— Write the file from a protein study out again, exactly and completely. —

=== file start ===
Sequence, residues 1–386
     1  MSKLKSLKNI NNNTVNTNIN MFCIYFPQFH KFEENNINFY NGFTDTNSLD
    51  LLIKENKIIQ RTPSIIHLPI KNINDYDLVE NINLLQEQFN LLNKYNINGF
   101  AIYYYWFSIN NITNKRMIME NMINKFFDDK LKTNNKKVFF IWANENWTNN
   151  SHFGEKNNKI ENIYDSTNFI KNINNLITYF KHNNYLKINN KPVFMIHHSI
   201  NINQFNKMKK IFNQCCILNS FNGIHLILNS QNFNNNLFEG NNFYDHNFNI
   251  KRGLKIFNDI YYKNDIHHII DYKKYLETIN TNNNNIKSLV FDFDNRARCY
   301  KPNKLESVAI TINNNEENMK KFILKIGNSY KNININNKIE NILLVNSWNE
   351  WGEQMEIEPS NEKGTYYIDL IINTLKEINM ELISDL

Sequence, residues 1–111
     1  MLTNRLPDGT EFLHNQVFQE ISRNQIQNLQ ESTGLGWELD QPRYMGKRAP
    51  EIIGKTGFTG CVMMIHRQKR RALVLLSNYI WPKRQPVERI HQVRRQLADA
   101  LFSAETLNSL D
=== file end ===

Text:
Sequence, residues 1–386
     1  MSKLKSLKNI NNNTVNTNIN MFCIYFPQFH KFEENNINFY NGFTDTNSLD
    51  LLIKENKIIQ RTPSIIHLPI KNINDYDLVE NINLLQEQFN LLNKYNINGF
   101  AIYYYWFSIN NITNKRMIME NMINKFFDDK LKTNNKKVFF IWANENWTNN
   151  SHFGEKNNKI ENIYDSTNFI KNINNLITYF KHNNYLKINN KPVFMIHHSI
   201  NINQFNKMKK IFNQCCILNS FNGIHLILNS QNFNNNLFEG NNFYDHNFNI
   251  KRGLKIFNDI YYKNDIHHII DYKKYLETIN TNNNNIKSLV FDFDNRARCY
   301  KPNKLESVAI TINNNEENMK KFILKIGNSY KNININNKIE NILLVNSWNE
   351  WGEQMEIEPS NEKGTYYIDL IINTLKEINM ELISDL

Sequence, residues 1–111
     1  MLTNRLPDGT EFLHNQVFQE ISRNQIQNLQ ESTGLGWELD QPRYMGKRAP
    51  EIIGKTGFTG CVMMIHRQKR RALVLLSNYI WPKRQPVERI HQVRRQLADA
   101  LFSAETLNSL D